LB Snipes (BA 2018 in Psychology, Neuroscience Minor; MA in Counseling 2021)

Professional School Counselor (High School) with Charlotte-Mecklenburg Schools
Man in blue and white shirt smiling at the camera
LB Snipes (’18, MA ’21)

Tell us about your current job role/employer and what you’re currently working on. 

I currently work as a high school counselor for one of the largest high schools in the state of North Carolina. As a school counselor, I work with students and families from all walks of life and backgrounds. From connecting students to academic resources (i.e., tutoring, pre-college programs, and internships) to community resources (i.e., mental health, food resources, and crisis assistance) to success planning, I work with my 9th-12th grade students create the best plan to be successful after high school graduation. More recently, I have been practicing various academic and social words and phrases to best accommodate the families who are new to the school and English is their secondary or tertiary language.

What personal and/or career experiences did you have prior to landing your current job and leading to where you are now?

I have worked in various school settings, including a K-8 school and a high school in Winston-Salem during my graduate studies. Because of the pandemic, these experiences helped to me recognize the many disparities that go unnoticed in K-12 education and how I can be a more impactful advocate for students and families.

What was the most challenging aspect of your first “real world job” and what did you learn from it?

Having students return to the classroom after a year-and-a-half (or longer) of being remote left many families in a rut. Many students grew comfortable being at home and not being held appropriately accountable for their work. Rising 9th and 10th grade students did not have a true middle school experience and most of them did not appropriately progress through that developmental stage. As a beginning school counselor, this left me wearing more hats than expected, counseling teachers, administrators, parents, and students, validating their experiences while also trying to get everyone back on the saddle to be successful.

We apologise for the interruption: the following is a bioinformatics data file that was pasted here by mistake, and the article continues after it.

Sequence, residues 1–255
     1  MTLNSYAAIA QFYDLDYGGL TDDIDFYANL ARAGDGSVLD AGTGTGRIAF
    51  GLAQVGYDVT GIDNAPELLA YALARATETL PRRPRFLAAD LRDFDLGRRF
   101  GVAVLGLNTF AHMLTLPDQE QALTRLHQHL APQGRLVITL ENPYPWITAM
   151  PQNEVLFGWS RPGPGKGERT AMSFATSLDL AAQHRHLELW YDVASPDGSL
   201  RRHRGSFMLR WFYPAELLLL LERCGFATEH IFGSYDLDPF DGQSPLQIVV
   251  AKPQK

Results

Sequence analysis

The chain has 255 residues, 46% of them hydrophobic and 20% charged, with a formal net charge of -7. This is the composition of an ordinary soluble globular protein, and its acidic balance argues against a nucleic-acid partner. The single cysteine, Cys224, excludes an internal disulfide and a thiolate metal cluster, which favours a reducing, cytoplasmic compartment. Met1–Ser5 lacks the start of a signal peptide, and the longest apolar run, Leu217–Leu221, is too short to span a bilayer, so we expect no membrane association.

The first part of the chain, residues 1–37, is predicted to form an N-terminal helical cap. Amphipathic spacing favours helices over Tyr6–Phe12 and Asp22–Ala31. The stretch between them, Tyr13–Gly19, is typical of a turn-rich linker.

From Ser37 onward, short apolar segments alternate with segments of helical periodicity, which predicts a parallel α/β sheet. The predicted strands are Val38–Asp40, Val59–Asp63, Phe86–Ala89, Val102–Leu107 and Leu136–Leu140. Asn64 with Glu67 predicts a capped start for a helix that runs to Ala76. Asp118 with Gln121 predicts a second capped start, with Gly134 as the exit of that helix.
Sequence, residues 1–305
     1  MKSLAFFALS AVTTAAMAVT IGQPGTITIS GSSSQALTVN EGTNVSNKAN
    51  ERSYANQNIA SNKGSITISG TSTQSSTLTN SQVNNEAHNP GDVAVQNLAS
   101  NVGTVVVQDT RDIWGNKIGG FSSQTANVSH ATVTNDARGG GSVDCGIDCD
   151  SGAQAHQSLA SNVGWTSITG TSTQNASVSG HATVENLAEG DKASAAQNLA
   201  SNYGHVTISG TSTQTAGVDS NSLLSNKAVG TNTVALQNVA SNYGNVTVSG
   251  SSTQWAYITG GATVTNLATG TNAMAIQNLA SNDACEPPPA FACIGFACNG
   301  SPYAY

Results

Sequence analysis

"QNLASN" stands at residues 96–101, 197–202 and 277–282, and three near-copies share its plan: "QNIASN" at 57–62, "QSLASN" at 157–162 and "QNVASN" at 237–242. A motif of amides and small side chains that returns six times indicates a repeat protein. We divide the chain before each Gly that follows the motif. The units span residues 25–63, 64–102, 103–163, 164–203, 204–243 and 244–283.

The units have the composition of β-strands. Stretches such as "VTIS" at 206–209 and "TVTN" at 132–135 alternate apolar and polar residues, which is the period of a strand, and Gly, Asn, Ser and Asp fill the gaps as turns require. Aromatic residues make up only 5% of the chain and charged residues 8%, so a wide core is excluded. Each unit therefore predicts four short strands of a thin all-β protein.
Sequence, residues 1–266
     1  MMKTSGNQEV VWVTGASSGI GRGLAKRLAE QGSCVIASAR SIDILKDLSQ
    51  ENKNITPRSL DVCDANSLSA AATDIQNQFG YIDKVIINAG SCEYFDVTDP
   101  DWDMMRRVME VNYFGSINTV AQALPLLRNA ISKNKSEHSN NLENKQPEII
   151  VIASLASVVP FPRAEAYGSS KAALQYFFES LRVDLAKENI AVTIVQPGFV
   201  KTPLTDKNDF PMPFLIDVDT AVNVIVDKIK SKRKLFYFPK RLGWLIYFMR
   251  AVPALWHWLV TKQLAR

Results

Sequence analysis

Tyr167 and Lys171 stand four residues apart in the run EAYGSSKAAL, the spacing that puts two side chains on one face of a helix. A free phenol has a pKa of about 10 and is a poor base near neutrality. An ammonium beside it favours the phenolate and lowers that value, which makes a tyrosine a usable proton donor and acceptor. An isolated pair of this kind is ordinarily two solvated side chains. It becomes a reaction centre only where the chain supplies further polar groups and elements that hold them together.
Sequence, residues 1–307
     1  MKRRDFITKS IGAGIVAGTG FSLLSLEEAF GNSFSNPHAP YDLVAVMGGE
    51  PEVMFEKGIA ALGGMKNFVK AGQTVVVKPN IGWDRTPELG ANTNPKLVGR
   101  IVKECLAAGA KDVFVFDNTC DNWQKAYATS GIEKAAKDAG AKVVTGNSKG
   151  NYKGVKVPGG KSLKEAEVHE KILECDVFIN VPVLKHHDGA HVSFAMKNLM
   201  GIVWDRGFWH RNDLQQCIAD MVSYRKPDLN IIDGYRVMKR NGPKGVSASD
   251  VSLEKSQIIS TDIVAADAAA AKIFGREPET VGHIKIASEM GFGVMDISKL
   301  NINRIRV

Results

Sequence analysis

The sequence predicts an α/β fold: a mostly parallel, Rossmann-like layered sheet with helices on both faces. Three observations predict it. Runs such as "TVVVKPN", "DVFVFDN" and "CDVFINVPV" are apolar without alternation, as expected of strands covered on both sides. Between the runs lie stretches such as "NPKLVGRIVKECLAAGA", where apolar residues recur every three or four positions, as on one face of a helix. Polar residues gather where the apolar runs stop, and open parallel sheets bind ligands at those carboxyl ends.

What advice would you give to new Wake Forest graduates about developing their personal life habits after college (finances, health, values, work/life balance)?

Seek feedback and embrace it! You don’t know what you don’t know, so don’t be too ashamed, prideful or embarrassed to ask a colleague or supervisor what you can do to enhance your craft. Each industry is similar with nuanced ways of getting tasks done, so learn the various ways you can use your skills and knowledge to positively influence your work experience while also gaining new skills. And, make sure to take breaks — when you clock out, STAY CLOCKED OUT! That email that came in during your personal time can wait until you clock back in the next day. Spend your time with friends, family, and/or colleagues going out to eat, seeing a performance at the local theater, going to a sporting event, or even engaging in that community event in the park.

How have you made personal and professional relationships in your city, company, or community?

Charlotte is home for me, so it was not too hard, but still a bit of work. Several of my colleagues are members of the Divine 9, so we have been able to connect on our experiences while in undergrad and opportunities to connect with other D9 members in the area. I also work with a great team of school counselors that play just as hard as they work! Taking a genuine interest in the people I work with has allowed us to be our authentic selves while at work. Being intentional about getting to know my colleagues and the families of my students not only makes work feel less like work, but it also brings a sense of community to my day-to-day.

Have you been mentored by anyone at Wake Forest or in your professional life? If so, what impact has that relationship had on you?

I am grateful for my job for establishing a mentorship program for new hires. One of my mentors happens to also be in the same fraternity as me, so that helped us connect on more than just work-related concerns. He has helped me to recognize where my strengths were and what my growth areas are, especially when it came to recognizing when I have hit my wall and need to take a step back.

What advice would you give to current Wake Forest students and/or young alumni who are about to start their first professional job?

Breathe. Everything will work out. It can be hard to drown out the noise of your parents, friends, peers, professors, etc. telling you how to move and what is right for you. Only you know what is right for you and you shouldn’t try to live someone else’s aspirations, especially if it goes well outside of your means. Learn something from each experience you have on life’s journey, take time to reflect on those experiences, and continue to follow your arrow wherever it points.

What are your future career goals or plans? How are you being intentional about working towards them?

I am going to continue as a school counselor for the next 3-4 years before I go back to school for a PhD in Counselor Education & Supervision. The time I am spending now will help me to grow as a culturally competent counselor and hopefully I will be a mentor for the next generation of school counselors.

Story published in April 2023. For current updates on LB’s career path, visit his LinkedIn profile.